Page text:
JPMorgan Chase & Co.’s asset management group sees investment opportunity in beaten-down energy stocks, a contrarian view as it looks beyond the sector’s reputation for “poor capital discipline.”
“Our portfolio managers see some reasons to be a little more positive toward some of the most profoundly out-of-favor segments of the world’s stock markets,” Paul Quinsee, J.P. Morgan Asset Management’s global head of equities, said in a report released Friday. “The energy sector is one example.”
After strong equities performance in 2019, investors aren’t expecting “supercharged returns” from stocks this year, according to the bank’s asset management unit. Instead, they’re seeking opportunities to put “fresh money” in the stock market’s laggards.
“Returns from small-cap energy stocks have been far worse than almost anything else we can find over virtually all time periods,” Quinsee said in the report. While some investors expect the sector will continue to underperform, JPMorgan’s asset management unit sees “signs of change as capital markets finally demand higher returns from management teams.”
Still, the investment opportunity in energy companies carries risks beyond management’s ability to remain disciplined.
Environmental, social, and governance factors represent a newer challenge for energy investors, as climate-related regulations could hurt earnings of companies in the sector, according to the report. GMO co-founder Jeremy Grantham warned in a paper last year that climate change has become a major risk to the economy, with hurricanes, droughts, and wildfires leading to record damage.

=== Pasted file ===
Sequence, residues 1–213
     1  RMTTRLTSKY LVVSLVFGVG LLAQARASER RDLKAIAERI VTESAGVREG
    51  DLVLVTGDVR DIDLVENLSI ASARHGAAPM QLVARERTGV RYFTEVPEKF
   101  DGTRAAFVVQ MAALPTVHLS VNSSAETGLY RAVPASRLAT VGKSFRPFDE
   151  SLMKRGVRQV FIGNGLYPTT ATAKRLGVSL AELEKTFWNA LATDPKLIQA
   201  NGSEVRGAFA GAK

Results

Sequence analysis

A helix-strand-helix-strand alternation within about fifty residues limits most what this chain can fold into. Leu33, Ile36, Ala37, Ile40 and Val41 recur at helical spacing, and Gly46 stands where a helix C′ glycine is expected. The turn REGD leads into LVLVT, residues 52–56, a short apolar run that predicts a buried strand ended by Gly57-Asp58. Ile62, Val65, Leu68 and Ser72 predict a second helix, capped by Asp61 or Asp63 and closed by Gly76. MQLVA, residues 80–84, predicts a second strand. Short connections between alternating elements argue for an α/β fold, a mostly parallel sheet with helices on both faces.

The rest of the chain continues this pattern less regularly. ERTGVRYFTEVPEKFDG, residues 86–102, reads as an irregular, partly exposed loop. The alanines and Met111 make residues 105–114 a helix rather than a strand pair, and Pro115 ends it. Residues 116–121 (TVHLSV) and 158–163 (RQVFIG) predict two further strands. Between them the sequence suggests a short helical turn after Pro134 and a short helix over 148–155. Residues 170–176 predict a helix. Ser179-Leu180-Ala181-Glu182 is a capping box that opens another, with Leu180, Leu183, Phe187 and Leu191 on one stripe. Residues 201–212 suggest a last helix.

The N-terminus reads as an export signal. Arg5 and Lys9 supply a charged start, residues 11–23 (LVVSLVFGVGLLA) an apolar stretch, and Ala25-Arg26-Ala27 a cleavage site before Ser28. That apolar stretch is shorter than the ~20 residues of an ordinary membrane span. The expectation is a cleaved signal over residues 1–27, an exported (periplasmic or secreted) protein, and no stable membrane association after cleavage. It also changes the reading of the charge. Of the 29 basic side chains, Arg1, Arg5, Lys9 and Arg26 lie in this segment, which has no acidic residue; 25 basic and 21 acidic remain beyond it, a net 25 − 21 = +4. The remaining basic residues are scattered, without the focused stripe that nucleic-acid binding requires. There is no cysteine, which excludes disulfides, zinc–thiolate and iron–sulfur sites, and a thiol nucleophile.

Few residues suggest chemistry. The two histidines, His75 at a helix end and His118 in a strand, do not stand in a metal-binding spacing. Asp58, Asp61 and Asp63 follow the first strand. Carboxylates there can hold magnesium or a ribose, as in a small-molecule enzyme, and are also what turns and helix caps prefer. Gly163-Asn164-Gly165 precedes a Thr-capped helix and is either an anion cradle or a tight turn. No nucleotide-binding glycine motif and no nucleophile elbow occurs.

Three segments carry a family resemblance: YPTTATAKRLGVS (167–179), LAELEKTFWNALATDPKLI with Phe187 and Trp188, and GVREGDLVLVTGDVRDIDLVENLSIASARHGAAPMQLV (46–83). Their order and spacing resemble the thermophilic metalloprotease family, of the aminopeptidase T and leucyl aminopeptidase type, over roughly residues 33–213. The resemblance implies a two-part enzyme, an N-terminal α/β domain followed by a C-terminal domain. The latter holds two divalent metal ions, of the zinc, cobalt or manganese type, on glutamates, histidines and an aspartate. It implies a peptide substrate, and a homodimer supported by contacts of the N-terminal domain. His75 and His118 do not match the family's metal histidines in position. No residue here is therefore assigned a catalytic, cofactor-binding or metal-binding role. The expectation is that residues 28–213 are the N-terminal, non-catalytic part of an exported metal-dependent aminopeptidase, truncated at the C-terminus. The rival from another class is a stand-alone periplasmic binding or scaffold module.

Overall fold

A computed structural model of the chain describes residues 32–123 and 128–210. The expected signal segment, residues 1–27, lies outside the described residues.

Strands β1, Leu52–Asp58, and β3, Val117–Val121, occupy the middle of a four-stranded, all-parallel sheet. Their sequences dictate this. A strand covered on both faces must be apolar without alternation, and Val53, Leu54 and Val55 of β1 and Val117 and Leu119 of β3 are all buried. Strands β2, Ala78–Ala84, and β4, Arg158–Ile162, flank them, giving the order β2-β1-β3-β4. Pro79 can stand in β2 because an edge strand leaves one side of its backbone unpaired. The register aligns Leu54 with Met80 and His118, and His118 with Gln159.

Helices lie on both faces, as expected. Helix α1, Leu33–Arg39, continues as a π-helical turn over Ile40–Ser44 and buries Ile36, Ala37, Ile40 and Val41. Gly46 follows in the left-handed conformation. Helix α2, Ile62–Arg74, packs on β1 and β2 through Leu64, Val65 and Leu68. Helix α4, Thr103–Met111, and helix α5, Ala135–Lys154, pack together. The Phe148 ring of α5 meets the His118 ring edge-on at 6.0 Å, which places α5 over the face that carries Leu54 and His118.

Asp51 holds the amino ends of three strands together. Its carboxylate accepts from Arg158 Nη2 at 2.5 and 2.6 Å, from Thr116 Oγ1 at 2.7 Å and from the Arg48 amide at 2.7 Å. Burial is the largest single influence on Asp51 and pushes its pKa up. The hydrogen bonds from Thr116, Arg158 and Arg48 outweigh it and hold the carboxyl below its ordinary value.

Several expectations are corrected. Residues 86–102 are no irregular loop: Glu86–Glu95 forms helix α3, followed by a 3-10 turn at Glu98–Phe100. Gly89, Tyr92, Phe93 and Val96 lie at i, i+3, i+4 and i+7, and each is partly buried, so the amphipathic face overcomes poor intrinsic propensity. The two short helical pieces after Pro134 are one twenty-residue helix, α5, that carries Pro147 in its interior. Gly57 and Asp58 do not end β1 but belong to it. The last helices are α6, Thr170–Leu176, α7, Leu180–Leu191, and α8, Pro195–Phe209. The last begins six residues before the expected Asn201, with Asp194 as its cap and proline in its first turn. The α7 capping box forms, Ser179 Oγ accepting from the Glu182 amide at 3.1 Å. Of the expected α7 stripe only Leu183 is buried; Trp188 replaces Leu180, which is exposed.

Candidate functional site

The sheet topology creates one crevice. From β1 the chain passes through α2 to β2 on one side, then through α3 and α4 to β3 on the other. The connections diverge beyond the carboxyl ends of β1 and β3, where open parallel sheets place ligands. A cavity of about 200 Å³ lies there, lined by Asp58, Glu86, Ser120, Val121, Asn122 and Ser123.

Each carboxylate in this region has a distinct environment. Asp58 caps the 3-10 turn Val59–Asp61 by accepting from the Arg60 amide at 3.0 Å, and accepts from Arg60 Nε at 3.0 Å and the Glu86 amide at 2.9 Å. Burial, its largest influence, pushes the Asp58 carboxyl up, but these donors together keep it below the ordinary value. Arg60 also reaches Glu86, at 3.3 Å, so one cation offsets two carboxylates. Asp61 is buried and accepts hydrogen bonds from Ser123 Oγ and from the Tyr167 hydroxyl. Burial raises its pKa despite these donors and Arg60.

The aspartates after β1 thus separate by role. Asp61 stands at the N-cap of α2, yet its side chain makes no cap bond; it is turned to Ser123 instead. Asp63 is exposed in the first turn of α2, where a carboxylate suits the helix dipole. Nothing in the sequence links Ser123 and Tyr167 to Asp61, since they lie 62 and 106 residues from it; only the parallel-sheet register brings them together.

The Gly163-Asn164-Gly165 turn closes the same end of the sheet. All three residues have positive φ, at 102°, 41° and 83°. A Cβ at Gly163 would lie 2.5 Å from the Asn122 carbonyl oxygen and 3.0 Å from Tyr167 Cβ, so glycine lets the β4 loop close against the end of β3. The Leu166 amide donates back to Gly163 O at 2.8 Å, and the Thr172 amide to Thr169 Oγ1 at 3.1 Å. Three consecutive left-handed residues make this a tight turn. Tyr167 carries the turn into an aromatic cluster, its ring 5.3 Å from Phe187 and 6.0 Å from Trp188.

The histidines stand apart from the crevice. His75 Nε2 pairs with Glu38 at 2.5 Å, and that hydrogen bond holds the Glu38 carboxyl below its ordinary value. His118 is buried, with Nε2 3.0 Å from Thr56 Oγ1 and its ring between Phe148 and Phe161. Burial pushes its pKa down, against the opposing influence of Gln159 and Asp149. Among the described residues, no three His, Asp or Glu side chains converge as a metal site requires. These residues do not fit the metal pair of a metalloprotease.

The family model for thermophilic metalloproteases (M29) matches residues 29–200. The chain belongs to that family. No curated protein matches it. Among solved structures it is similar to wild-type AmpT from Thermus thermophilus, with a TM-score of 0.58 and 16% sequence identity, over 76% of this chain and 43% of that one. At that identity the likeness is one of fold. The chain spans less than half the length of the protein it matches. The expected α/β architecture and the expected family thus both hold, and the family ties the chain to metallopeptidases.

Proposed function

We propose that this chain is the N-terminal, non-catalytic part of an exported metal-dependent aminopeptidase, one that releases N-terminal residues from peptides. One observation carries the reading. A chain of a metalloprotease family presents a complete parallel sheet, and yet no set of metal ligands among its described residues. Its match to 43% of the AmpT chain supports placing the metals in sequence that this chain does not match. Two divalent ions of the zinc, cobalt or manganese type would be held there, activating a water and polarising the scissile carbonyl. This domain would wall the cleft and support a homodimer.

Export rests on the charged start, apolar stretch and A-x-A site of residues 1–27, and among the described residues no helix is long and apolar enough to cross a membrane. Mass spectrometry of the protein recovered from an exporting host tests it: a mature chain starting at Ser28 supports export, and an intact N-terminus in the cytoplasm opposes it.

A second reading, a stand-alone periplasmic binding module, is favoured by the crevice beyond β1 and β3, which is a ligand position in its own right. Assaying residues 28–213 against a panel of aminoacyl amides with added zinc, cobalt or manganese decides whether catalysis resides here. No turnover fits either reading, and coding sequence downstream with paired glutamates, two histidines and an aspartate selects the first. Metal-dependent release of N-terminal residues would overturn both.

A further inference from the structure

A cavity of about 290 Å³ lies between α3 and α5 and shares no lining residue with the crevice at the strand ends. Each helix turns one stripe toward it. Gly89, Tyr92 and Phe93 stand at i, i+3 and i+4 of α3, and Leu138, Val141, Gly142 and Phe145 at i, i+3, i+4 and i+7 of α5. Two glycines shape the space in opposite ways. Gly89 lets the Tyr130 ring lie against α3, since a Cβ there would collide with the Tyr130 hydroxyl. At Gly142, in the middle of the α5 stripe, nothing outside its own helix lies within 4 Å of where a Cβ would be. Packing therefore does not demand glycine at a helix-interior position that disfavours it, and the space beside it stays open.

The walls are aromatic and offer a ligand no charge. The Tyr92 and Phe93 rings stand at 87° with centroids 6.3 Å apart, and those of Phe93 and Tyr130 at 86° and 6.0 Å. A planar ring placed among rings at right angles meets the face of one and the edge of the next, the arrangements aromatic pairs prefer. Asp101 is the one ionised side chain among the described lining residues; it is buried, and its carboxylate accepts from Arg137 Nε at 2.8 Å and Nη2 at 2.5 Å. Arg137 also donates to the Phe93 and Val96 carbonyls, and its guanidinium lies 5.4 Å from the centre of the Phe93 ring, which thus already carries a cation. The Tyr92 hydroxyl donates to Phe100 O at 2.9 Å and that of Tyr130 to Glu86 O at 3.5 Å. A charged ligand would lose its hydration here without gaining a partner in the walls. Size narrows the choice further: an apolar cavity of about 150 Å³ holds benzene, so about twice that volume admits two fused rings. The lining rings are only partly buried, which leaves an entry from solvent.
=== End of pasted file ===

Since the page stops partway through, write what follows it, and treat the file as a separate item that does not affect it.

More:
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Meanwhile, investors may be complacent in betting on companies with the fastest growth, according to the global equities report from JPMorgan’s asset management unit. They may feel comfortable after 2019, which JPMorgan called “yet another spectacular year for the growth style,” even as odds favor value stocks for better returns.
The gap between the pricing of high-growth companies and those with lower growth is wider than JPMorgan has observed about 95 percent of the time over the past quarter century.
“Our quantitative work suggests that investors are currently willing to pay what is historically a very high price for the fastest-growing companies,” Quinsee said. “If the growth rates do improve for some of the cheaper companies, as we expect they will, the relative value gap may narrow in 2020.”